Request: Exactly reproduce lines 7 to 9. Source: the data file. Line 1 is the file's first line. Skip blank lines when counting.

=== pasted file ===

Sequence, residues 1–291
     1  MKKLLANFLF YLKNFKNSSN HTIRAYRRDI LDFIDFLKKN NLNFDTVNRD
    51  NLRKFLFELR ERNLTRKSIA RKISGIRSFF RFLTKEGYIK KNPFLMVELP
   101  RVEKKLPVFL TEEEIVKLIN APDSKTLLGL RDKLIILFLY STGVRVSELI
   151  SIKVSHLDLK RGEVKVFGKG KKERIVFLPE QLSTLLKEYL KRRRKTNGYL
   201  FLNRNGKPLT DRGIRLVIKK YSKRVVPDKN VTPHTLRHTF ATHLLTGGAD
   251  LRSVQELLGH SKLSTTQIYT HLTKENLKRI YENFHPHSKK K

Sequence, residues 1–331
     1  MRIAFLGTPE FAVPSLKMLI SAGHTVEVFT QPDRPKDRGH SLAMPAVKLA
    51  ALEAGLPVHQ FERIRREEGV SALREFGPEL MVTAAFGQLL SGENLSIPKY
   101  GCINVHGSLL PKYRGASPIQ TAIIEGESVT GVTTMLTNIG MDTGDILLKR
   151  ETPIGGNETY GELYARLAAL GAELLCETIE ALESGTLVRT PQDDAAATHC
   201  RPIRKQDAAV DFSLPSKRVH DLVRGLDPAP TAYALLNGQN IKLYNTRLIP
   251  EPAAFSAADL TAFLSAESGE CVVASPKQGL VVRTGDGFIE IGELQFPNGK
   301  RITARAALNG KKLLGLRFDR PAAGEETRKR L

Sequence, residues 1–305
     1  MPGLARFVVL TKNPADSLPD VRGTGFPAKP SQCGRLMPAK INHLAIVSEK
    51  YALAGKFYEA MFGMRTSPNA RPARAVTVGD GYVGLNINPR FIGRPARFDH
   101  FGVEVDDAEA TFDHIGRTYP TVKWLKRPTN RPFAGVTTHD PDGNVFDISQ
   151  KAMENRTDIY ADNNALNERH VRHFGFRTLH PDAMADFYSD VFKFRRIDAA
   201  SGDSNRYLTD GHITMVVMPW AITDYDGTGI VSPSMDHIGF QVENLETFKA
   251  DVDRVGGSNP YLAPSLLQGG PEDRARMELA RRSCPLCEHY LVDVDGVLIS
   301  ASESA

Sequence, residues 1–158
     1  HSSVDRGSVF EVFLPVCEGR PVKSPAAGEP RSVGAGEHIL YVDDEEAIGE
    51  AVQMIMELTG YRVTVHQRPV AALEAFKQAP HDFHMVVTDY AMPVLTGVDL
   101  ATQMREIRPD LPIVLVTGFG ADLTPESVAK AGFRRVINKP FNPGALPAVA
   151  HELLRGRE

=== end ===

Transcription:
   251  LRSVQELLGH SKLSTTQIYT HLTKENLKRI YENFHPHSKK K

Sequence, residues 1–331
     1  MRIAFLGTPE FAVPSLKMLI SAGHTVEVFT QPDRPKDRGH SLAMPAVKLA